Tall, well-built and handsome, the 32-year-old Mahsud was an interesting character. He studied up to the intermediate level in a Peshawar college before joining a madrassah to study religion. Several of his family members, including his own brother, served in the Pakistan Army as officers, but he chose to become a Talib and eventually fought against his country’s armed forces. He joined the Taliban in Afghanistan to fight against both the Northern Alliance and the invading US Army. He was among the several thousand Taliban fighters who surrendered to Uzbek warlord Abdul Rasheed Dostum, a stalwart of the Northern Alliance, after being cut off from their supply lines following the fall of Kabul in December 2001. Dostum handed him and dozens of Taliban fighters to the US, in violation of his promise to the Taliban commanders at their time of surrender. Mahsud spent 25 months at the US detention centre in Guantanamo Bay before being released in 2003. The Americans let him go after concluding that the one-legged Mahsud posed no risk to the US. Mahsud later confessed that he identified himself as an Afghan instead of a Pakistani, while in American custody.
Mahsud’s fame preceded him when he returned to South Waziristan as a free man. He was hailed as a “blessed man” because he had returned home in one piece from Guantanamo Bay, the jail from where it was feared that prisoners never returned alive. His disability, on account of a landmine explosion that blew away one of his legs shortly before the fall of Kabul to the Taliban in September 1996, had already established his reputation as a daredevil. He was no longer the unknown young tribesman who posed no threat to the US. Soon he began delivering speeches at mosques and madrassahs, arousing the Mahsud tribesmen to join the Taliban-led jihad against the US and, by association, the Pakistan Army, which was carrying out military operations to hunt down Al-Qaeda and Taliban-linked militants in South Waziristan.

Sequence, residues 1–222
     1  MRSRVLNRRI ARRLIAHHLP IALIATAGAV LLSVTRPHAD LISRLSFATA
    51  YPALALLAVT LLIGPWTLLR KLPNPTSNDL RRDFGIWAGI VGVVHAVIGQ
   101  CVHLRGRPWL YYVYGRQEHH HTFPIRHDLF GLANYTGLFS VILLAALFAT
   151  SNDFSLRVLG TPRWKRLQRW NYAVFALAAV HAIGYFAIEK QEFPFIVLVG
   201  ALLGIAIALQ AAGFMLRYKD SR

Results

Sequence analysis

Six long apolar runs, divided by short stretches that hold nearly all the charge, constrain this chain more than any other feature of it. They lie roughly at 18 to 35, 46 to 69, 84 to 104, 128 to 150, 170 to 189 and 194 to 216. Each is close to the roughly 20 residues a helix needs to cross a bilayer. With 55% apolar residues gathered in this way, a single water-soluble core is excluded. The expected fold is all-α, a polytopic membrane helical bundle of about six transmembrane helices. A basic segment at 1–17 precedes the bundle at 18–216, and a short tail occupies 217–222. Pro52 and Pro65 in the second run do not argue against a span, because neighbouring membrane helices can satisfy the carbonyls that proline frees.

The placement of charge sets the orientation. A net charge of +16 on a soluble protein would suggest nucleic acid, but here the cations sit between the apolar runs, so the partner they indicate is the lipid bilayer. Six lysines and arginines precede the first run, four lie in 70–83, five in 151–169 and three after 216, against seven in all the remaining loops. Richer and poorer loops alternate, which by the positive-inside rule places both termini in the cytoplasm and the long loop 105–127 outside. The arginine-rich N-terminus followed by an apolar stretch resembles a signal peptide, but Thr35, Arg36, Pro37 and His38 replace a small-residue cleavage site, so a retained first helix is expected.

Soon, Mahsud became so well known and strong that he began overshadowing Baitullah Mahsud, the “Ameer” (head) of the local Taliban in Mahsud tribal territory in South Waziristan. Emotional and unpredictable, Mahsud was reluctant to take orders from anyone. Baitullah, who in February 2007 was accused by President General Pervez Musharraf of sending fighters into Afghanistan to attack US-led coalition forces, couldn’t do much to rein in Mahsud, who eventually was named military commander of the local Taliban. By rank he was still subservient to Baitullah, but Mahsud started acting on his own. He began granting interviews to the media and became quite well known. By comparison, the reclusive Baitullah was virtually unknown. It was only after Baitullah signed a much-publicised peace agreement with the government in February 2005 that he became known.